In 2005, the Drug Enforcement Agency (DEA) began indicting members of the Black Mafia Family (BMF) in connection with a multi-state drug distribution ring, targeting over 150 members of the gang. Having strong connections with Mexican based cartels, the group is alleged to have laundered over $270 million. At the top of the gangs hierarchy were two brothers who were able to set up a bi-coastal operation after starting small as youngsters on the streets of Detroit, Michigan.
After beginning simply selling $50 bags of cocaine in the 1990s, brothers Demetrius Big Meech and Terry Southwest T Flenory had become distribution kingpins buy the year 2000 with cocaine distribution cells located in at least 12 states. Big Meech had taken to the southeast, setting up shop in Atlanta, Georgia, while Southwest T had headed west to Los Angeles, California. While the drug money was piling up, the brothers started legitimate businesses to launder it through, most notably, BMF Entertainment which helped promote a number of rap artists.
After the two brothers had a falling out, the DEA was able to put together over 900 pages of wiretaps transcripts which had been placed on their sisters phone, revealing her conversations with Terry. During the calls, they had discussed Big Meech at length including how his partying would eventually bring down the business enterprise. In 2005, the evidence had mounted and the brothers were placed under arrest for multiple charges, including drug trafficking and money laundering.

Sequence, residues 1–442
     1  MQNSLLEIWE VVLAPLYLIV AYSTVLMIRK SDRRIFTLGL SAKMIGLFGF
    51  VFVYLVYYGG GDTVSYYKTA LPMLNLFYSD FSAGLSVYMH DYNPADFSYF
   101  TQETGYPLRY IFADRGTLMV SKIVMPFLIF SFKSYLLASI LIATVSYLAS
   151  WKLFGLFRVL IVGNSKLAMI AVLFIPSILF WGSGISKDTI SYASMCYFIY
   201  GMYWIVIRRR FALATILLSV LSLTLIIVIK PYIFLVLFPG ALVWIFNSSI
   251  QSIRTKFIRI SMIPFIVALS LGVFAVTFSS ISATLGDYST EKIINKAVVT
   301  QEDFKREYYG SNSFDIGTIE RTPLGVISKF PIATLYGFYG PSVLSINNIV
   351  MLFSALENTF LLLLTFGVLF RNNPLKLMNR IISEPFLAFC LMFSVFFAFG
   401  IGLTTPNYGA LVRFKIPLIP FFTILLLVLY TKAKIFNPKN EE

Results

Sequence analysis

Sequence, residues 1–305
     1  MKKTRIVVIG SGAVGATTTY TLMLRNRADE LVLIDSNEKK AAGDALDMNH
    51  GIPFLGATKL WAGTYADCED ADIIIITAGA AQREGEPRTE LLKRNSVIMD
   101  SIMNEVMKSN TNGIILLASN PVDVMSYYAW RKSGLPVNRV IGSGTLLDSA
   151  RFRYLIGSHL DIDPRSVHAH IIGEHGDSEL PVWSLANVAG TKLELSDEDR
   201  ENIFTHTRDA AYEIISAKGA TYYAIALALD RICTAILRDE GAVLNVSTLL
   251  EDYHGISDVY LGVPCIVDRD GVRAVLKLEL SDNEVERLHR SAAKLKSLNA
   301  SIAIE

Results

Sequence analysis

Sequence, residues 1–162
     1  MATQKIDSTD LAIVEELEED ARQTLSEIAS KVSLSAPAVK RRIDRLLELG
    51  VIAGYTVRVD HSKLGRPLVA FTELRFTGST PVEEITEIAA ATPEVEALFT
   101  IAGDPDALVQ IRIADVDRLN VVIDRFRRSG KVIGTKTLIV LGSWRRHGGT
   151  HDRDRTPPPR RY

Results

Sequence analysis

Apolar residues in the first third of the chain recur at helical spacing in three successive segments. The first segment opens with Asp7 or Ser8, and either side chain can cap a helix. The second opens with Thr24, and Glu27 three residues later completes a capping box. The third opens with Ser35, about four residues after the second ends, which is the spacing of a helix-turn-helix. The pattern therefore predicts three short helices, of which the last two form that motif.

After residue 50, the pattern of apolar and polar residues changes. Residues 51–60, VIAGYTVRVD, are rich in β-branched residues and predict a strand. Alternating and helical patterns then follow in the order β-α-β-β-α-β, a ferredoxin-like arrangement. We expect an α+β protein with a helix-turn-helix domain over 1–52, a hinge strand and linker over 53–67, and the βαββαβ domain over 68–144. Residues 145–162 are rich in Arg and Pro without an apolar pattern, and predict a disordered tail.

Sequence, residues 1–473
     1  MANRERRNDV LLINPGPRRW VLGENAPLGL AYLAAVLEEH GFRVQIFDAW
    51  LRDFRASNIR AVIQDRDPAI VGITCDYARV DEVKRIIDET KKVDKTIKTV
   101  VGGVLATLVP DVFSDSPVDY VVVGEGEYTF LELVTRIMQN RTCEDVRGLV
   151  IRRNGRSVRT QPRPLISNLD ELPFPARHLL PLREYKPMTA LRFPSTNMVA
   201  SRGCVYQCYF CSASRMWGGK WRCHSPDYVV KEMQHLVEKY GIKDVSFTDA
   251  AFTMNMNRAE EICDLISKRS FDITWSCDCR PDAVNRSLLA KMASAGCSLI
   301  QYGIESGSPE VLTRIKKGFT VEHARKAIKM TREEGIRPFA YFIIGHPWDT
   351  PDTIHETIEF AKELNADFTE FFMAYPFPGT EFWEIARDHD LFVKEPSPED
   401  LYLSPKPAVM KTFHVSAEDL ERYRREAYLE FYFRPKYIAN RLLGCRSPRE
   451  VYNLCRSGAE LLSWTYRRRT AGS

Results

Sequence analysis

In 2007 both brothers were sentenced to 30 year prison terms for their parts in running the BMF drug trafficking business. While Big Meech waits in jail for his 2032 release date, he has taken to writing letters seeking help from one of raps most influential names, Russell Simmons. The Co-Founder of Def Jam music label and Phat Farm clothing line, Simmons seems to be Big Meechs last hope of finding a big name to try and lobby for him. He argues that My brother and I are first-time non-violent offenders and our 30 yr. sentences are worse than some Columbian and Mexican cartel members. The reason for the stiff punishment can be traced back to former New York Governor Nelson Rockefeller who said For drug pushing, life sentence, no parole, no probation. His statement helped form what would become the norm for the prison system in the United States. Until 2009 when the law was amended, drug dealers received mandatory sentences of 15 years to life for their wrong doings.
As of 2013 Big Meech was still doing hard time in a Florence, Colorado prison that is considered the worst and most secure prison in the entire Bureau of Prisons. His wife Janell has started a petition for the White House to set him free.
Speak with an appellate lawyer.